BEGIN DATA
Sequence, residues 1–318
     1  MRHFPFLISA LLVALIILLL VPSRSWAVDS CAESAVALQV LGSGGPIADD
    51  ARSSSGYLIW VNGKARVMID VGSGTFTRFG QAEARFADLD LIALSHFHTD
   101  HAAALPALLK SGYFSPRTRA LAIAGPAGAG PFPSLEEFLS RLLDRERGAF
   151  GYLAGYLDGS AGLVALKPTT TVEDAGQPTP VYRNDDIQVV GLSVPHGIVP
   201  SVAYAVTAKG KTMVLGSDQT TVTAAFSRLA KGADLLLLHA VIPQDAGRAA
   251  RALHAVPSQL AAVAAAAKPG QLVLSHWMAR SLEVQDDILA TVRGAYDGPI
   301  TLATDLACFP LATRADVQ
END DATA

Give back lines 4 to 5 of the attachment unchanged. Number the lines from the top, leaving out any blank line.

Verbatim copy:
   101  HAAALPALLK SGYFSPRTRA LAIAGPAGAG PFPSLEEFLS RLLDRERGAF
   151  GYLAGYLDGS AGLVALKPTT TVEDAGQPTP VYRNDDIQVV GLSVPHGIVP